210th Anniversary of the Independence of Mexico
by Ana Luisa Fajer, Ambassador of Mexico to South Africa
15 September 2020
It is with great pleasure that I address you today to celebrate the two hundred and tenth Anniversary of the Independence of Mexico.
Today, as on each fifteenth of September from the late nineteenth century, Mexicans around the world celebrate the beginning of our fight for freedom. With this ceremony, Mexicans renew their bond to freedom, to sovereignty, to Mexico.
In the early hours of the sixteenth of September 1810 Father Miguel Hidalgo congregated the people of his parish in the town of Dolores and encouraged them to join him in the struggle for the freedom of Mexico. Hidalgo’s call became “el Grito de Independencia”, the Cry for Mexican Independence from Spain.
The revolution for independence was due to last eleven years. During this period the insurgents -as we refer to them, the heroes of this revolution- were so ahead of their time that Hidalgo abolished slavery as early as December 1810, and José María Morelos -a brilliant Afro- Mexican- signed the first Constitution in 1814: The Constitutional Decree for the Liberation of Mexican America.
Mexican women have also played crucial roles in our history and fight for our independence. Alongside internationally known Frida Kahlo, we also acknowledge the roles played by women from different social backgrounds such as Josefa Ortíz de Domínguez, better known as La Corregidora (the Councillor”), and Leona Vicario, Gertrudis Bocanegra, Mariana Rodríguez Toro and María Ignacia La Güera (“The Blonde”) Rodríguez.
These women were heroines of Mexico´s independence war. They are well known for their bravery. They risked their lives defending the insurgents.
Leona Vicario provided money and medical support, helped fugitives, and served as a messenger. After she escaped from prison, she helped her husband, Andrés Quintana Roo, plan strategies on the battle field.
Josefa Ortíz de Domínguez was able to warn Miguel Hidalgo by smuggling a message out after a co-conspirator betrayed the insurgents by informing on plans for revolt by the Independence movement.
The revolution of independence gave birth to a sovereign State, but this new-born had to evolve looking for its own identity through two monarchies, dictatorships and different central, federal and confederate republics; suffer three wars: one with the U.S in 1847 and two with France in 1839 and 1862; as well as two more civil wars: the War of Reform (1858-1861) and the Mexican Revolution (1910-1917).
The fighting was not in vain. Today Mexico is a Federal Republic with well-defined borders and a population that identifies itself within a kaleidoscope of cultures and ethnic groups.
That is why Mexico is written with an “x”, because it is cross-roads for our ancient cultures: Mayas and Otomies, Huicholes and Tarahumaras, Mexicas and Zapotecas. It has received all political diasporas with open arms, integrating those fleeing from conflict into a hospitable society; because the two intertwined lines in the “x” remind us of the dual world of our ancestors: day and night, life and death, women and men.
Mexicans believe we are children of maize which we enjoy moulding into more than 600 ways to make tacos, sopes, tlayudas, huaraches or tamales; we combine chilies without rhyme or reason only to give taste to everyday life; we gather together to share pulque, beer, tequila or mezcal; we revere our ancestors; and we explore every corner on earth to have an excuse to celebrate life in a fiesta.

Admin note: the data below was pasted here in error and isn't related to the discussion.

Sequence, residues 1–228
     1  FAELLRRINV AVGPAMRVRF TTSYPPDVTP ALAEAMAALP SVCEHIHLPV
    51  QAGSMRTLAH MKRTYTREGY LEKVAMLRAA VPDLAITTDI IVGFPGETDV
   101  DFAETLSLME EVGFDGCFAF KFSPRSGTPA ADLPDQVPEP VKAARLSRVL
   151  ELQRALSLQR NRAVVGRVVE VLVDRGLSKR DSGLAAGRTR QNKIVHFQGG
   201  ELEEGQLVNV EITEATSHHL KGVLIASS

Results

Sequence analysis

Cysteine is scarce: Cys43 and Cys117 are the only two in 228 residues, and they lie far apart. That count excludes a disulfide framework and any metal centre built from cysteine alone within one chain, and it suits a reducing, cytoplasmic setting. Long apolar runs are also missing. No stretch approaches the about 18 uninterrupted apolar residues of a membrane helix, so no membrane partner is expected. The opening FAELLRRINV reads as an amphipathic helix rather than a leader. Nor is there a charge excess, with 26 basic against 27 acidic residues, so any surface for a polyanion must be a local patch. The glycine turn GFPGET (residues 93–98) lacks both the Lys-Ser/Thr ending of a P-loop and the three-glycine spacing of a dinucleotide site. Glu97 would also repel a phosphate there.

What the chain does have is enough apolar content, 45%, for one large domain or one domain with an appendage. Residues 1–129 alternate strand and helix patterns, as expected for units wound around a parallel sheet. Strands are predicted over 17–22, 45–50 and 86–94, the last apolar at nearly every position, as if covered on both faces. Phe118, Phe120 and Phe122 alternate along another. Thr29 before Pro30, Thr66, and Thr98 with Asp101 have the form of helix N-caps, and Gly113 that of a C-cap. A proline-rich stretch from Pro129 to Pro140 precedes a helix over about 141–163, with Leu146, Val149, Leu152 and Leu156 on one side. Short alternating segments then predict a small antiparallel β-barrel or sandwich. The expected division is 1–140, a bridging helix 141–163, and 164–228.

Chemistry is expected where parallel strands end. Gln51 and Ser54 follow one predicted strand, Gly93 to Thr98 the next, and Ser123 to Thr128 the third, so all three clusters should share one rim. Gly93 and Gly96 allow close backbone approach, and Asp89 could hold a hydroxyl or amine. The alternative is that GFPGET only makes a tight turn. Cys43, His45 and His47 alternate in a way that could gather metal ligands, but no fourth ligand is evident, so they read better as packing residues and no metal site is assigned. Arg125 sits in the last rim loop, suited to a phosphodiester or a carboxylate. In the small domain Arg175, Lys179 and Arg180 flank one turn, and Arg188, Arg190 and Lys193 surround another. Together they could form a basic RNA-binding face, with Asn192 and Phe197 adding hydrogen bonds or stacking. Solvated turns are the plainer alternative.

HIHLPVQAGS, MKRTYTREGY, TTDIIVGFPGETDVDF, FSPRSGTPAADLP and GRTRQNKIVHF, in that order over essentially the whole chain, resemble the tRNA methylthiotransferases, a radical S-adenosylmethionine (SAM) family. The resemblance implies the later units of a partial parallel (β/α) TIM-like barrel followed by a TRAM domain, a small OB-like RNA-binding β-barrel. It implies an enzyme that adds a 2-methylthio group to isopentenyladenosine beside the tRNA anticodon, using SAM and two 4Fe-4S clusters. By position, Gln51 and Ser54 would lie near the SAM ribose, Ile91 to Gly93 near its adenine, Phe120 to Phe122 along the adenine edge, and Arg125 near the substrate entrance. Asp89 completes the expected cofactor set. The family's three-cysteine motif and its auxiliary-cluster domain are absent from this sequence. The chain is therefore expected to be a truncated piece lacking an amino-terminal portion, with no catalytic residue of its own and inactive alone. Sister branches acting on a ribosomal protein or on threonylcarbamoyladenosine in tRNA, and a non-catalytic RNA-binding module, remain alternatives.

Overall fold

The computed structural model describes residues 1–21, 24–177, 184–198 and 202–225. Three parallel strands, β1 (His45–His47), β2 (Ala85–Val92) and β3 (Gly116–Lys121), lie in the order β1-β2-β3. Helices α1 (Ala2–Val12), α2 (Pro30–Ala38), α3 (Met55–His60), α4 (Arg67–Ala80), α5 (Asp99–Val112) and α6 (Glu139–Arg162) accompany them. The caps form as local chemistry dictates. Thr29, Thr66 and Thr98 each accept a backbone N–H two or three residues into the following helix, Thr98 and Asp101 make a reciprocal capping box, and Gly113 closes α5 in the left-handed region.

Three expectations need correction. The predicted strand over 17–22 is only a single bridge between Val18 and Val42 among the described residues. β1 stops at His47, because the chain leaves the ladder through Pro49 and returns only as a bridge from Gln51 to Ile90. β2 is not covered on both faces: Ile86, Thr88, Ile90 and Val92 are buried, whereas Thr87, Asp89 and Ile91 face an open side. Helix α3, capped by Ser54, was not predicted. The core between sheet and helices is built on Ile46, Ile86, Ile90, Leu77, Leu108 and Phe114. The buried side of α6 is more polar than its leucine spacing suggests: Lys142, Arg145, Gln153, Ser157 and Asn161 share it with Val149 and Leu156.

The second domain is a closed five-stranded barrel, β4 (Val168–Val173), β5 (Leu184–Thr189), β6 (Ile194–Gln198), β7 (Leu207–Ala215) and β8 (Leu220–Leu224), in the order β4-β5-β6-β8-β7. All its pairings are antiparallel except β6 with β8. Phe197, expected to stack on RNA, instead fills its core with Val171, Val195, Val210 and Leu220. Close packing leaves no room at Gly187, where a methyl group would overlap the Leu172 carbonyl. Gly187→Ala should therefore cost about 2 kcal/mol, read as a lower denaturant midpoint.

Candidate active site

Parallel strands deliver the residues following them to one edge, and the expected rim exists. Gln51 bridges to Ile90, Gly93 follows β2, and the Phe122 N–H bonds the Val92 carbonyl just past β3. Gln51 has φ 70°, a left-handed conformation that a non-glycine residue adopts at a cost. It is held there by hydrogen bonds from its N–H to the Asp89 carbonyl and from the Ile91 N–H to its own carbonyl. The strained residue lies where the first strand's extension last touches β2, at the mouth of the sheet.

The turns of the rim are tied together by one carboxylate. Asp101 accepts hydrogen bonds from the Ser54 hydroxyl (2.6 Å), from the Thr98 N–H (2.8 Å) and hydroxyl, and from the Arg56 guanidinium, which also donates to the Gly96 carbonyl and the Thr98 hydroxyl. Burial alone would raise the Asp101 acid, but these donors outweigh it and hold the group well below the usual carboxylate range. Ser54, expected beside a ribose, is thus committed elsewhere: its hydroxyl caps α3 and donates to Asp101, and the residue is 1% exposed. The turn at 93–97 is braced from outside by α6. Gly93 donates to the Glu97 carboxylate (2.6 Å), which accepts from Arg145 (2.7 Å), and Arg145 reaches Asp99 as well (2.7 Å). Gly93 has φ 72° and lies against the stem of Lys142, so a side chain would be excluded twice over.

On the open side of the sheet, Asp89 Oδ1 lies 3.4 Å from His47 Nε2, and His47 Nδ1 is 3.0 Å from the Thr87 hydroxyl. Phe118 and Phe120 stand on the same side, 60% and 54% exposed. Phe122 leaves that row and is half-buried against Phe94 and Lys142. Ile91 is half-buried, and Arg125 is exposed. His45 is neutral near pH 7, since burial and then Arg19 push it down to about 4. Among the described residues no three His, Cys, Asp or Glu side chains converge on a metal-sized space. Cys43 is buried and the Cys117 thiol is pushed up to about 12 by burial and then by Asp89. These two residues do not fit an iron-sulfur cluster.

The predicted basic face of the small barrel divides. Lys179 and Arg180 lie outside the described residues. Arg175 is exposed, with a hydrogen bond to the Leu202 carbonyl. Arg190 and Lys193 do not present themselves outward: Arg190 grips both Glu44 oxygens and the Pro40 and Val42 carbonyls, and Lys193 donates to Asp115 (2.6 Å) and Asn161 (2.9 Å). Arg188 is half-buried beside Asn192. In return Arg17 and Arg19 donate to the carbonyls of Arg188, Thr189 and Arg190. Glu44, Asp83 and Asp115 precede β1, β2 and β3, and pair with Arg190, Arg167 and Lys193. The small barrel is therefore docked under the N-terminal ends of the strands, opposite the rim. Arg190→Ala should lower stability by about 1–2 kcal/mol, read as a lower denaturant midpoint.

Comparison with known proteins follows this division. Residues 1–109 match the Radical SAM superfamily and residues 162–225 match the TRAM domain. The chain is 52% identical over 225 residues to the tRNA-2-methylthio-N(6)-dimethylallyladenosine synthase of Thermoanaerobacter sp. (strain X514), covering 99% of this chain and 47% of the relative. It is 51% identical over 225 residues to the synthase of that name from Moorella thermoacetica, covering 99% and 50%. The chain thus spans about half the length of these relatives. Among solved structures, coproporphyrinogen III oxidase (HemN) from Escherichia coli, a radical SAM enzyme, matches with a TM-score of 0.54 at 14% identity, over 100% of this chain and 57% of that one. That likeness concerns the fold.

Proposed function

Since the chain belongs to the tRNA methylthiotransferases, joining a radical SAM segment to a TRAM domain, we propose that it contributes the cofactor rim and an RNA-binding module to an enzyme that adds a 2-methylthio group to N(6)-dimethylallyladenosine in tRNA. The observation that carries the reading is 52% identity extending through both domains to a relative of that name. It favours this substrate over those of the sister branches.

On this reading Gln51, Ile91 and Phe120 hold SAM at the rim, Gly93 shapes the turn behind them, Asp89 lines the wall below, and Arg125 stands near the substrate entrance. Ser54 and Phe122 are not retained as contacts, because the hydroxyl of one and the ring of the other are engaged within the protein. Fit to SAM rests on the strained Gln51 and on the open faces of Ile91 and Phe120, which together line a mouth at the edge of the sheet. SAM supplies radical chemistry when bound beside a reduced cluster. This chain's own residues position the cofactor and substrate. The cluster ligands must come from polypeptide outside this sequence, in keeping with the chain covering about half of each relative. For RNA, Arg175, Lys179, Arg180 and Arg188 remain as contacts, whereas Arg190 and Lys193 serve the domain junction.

It is this festive spirit too that causes Mexicans, when we are abroad, to like to identify synchronicities with other countries, with their societies and cultures, blending indigenous traditions with contemporary expressions to build a cultural dialogue which is expressed in genuine interactions, conversations and relationships between people.
Mexico and South Africa have a broad spectrum of shared views on the world to address common challenges in order to promote peace and security, sustainable development and human rights within our countries, this between both countries, as well as in the regional and global dimensions.
In this regard, Mexico and South Africa have been working together to strengthen our bilateral framework through political dialogue; exploring niches for trade and investment; cooperating to promote youth employment and health systems; and mutually supporting our multilateral principled positions in the Security Council, other international organizations and the G20. Closer collaboration between Mexico and South Africa will allow both countries to make a difference in a complex global scenario in the fields of global governance and the rule of law, peace and development, health and education, among others.
It can be said that diplomacy is the art of dialogue and culture is the environment to reach our common goals of freedom, imagination and nation building, and therefore the Embassy of Mexico works to boost activities of people to people cooperation with key South African partners.
A key partnership in the academic field has proven to be the one we have with the Mexican Studies Centre of the National Autonomous University of Mexico (UNAM) at University of the Witwatersrand for promoting Mexican culture, fostering academic mobility schemes, and teaching and certifying Spanish as a foreign language.
Working together Mexico and South Africa can bring about concrete benefits to our societies, creating innovative solutions in the new normality that will arrive sooner than later when we globally defeat the pandemic caused by COVID-19.